If a teacher needed to take an online English course for professional development purposes, what tools and techniques would they want in the course to help them to succeed and pass the exam? To answer this question, E2Language decided to do a survey of the next generation of tech-savvy teachers- a group of education students in their final year of study in the Faculty of Education at Monash University.
Surprisingly, or perhaps not so surprisingly, the responses we received from these ‘soon to be teachers’ echo much of the positive feedback we regularly receive from our IELTS test taking students who come to us for help in preparing them to take the IELTS exam.
(I should warn you before I go any further, we at E2Language really enjoy our research into optimal online teaching and learning practices).
Returning to our question, I should also mention that when we approached our ‘soon to be teaching grads’ to participate in the survey, they all seemed more than happy and willing to contribute their opinions and insights. If the enthusiasm of this group is any reflection of the next wave of teaching professionals being unleashed upon the world, our children are in very good hands indeed.
Our survey group was a relatively small sample size of 35 students in total. Though not particularly large, the results of the survey were unambiguous all the same. The survey wasn’t intended to be especially rigorous, scientific or exhaustive. Rather, it was meant to ‘take the temperature’ of our group more in the nature of a perceptions study.
Before commencing the survey, we explained the context of the survey. We explained that if a respondent had the opportunity to design an online English course to help them pass an important examination, what tools and techniques would they wish to have as part of that course? This is a situation that is broadly similar to that of our e2language.com students taking online IELTS classes to enable them to get into a graduate program or for other professional reasons.
To very briefly summarize the key questions, we asked respondents whether they would want their online English course to include:
- teacher-guided one on one instruction providing guidance and feedback?
- video or media based explanations of key principles and concepts that could be re-played?
- group oriented, participatory webinars?
- self-paced, self-directed practice exercises, activities and assessments?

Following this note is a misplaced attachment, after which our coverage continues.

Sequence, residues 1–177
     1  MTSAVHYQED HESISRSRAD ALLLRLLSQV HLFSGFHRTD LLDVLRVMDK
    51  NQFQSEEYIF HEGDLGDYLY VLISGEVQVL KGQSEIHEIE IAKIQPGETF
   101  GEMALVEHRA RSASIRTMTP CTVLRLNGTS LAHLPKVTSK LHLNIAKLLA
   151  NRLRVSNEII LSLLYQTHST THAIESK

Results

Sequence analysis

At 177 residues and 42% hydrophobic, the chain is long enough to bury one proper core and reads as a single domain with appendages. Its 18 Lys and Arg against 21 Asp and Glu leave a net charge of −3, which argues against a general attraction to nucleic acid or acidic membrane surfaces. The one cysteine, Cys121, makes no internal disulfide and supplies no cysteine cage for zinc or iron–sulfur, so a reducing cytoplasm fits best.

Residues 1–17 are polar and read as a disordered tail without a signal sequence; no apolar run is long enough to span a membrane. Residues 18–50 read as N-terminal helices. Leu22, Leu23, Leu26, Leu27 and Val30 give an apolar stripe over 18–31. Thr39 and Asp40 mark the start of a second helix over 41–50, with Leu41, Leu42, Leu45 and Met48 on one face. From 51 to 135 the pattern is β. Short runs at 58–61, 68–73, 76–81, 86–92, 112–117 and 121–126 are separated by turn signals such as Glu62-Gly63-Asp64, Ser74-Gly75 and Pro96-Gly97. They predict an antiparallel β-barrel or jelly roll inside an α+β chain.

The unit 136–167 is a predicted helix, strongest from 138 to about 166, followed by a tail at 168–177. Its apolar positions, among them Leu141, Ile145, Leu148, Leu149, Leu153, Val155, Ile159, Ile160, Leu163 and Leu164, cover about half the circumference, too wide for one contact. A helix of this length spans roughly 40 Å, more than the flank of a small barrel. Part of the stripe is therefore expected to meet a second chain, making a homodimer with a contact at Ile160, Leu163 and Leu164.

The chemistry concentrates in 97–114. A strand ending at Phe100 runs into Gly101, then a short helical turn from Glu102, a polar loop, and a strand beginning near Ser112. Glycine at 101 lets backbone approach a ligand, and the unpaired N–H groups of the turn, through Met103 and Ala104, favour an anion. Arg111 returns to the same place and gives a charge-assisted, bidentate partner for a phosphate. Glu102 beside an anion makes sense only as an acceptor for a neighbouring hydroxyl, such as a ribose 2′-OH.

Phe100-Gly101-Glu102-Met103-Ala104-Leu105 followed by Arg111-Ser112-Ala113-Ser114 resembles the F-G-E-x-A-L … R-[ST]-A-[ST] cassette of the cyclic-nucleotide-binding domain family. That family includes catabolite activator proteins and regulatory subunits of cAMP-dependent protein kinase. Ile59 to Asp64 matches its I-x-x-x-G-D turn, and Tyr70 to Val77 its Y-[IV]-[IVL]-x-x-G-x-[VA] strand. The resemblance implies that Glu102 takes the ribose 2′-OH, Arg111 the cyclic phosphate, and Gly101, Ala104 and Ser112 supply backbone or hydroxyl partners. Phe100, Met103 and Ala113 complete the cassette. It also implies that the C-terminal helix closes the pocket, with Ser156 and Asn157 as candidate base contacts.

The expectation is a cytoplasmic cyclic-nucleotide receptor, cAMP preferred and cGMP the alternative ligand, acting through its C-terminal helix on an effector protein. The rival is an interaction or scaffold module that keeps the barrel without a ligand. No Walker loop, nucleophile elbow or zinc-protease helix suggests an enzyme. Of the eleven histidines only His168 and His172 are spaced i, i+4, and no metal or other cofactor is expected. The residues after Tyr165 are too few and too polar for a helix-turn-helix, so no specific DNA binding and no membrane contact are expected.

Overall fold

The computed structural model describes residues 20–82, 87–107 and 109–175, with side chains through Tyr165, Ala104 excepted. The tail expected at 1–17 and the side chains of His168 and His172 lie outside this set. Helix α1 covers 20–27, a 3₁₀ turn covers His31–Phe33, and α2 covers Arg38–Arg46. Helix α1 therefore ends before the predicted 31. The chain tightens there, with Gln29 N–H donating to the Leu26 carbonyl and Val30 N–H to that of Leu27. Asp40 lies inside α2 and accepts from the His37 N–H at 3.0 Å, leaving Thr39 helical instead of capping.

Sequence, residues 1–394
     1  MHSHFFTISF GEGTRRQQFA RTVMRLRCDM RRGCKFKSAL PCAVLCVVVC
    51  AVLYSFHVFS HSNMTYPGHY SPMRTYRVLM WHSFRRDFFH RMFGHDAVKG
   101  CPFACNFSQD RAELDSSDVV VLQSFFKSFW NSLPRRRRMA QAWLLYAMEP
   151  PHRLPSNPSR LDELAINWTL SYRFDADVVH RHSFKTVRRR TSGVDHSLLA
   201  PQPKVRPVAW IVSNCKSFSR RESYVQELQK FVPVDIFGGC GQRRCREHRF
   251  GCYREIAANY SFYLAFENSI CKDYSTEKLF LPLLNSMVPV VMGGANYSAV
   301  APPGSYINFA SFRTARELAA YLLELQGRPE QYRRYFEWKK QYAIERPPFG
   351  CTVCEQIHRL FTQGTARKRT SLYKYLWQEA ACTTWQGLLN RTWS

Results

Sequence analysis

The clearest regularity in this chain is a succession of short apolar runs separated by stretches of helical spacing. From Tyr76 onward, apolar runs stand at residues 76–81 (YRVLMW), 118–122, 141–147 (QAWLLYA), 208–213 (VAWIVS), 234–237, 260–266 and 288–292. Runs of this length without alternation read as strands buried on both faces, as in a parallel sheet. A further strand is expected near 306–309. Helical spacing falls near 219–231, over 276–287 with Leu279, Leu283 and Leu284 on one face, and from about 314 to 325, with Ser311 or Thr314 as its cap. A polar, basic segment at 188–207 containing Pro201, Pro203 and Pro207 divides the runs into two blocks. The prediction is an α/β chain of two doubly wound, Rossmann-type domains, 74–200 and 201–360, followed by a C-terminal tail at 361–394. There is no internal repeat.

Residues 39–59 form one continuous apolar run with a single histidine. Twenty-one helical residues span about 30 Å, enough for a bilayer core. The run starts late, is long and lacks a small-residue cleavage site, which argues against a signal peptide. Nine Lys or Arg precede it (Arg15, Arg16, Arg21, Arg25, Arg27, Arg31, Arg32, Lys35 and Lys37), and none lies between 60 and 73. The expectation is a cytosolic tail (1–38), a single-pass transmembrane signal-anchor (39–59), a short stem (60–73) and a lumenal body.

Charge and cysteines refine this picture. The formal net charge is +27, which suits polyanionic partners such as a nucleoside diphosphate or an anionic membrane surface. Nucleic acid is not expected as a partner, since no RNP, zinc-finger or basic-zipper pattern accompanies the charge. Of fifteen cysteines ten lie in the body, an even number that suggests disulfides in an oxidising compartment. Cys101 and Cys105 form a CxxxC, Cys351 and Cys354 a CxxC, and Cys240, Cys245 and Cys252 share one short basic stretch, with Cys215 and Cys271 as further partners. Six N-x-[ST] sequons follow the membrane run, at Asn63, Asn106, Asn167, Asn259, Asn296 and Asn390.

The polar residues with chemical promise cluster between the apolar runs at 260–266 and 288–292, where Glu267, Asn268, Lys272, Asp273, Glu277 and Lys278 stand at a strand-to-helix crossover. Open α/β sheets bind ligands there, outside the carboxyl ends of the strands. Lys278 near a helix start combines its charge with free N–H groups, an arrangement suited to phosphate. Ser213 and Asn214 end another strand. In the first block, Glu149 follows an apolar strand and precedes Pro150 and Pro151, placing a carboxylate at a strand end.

The results of the survey, as I mentioned earlier, were clear.
The responses to this question were interesting. More than three-quarters of respondents replied with a very strong YES- they did want some form of teacher guidance! This is a ringing endorsement of the important role a real teaching professional plays in efficient and effective guided learning.
At e2language.com, we have recognized this in the role of the IELTS tutor our students meet online. Tutors are well placed to give feedback on IELTS writing topics or IELTS speaking topics with answers.
Video and Media
We also asked our survey group whether they would want video lessons included in their online English course. Again, we received the clear answer that over 80% wanted video lessons illustrating key concepts ‘in action’ (which could be re-played). This implies that many wanted video delivering something more than a talking head.
Using video including explanations of concepts ‘in action’ is something we very much believe in at e2language.com. For example, using video to explain the IELTS listening skill requirements or de-constructing an IELTS essay sample is very helpful for many of our students.
Teaching and learning, whether online or in a classroom should always be a social exercise. Interactions with teachers and other students provides a diversity of opinions and views necessary to acquire a well-rounded body of knowledge. The webinar is a tool that enables that interaction to occur online.
Despite its importance, surprisingly, our group responded to our question on webinars with slightly less enthusiasm than 1:1 learning. Perhaps this is because, as teachers, they approached the question more from a teacher-centric as opposed to a student-centric perspective. A good IELTS webinar, should function like an IELTS forum that is live- interactive and somewhat more balanced between teaching and learning- an online IELTS school.
Self-paced, Self-directed learning
Most online English course are either heavily video-based or heavily self-study activity based- a sort of ‘one technique or the other’ approach. A well-designed online course, our respondents told us, is more akin to a puzzle where the technical and methodological pieces need to be fit together in a holistic and coherent manner.
Well over 85% of our respondents stated that self-study, self-paced activities were essential to apply and reinforce the theoretical or conceptual aspects of the course. This would include examination practice questions.
In a similar sense, an IELTS self-study program is fine. It provides an essential element of skill building for students. The simulation of IELTS exam questions or IELTS mock tests is an important part of the self-study process. However, the application of knowledge is a part of the learning path that is towards then end of the learning journey. A good grounding in what to apply, when and how is equally important to contextualize learning.
Interestingly, what our survey told us- apart from answers to these specific questions- is that the teaching profession itself is more than willing to embrace these new and different ways of disseminating knowledge. Technology is not seen as a threat to the role of the teacher. Perhaps this is because teachers know and accept how important they are in helping students achieve their goals.
Written by Tom Connors.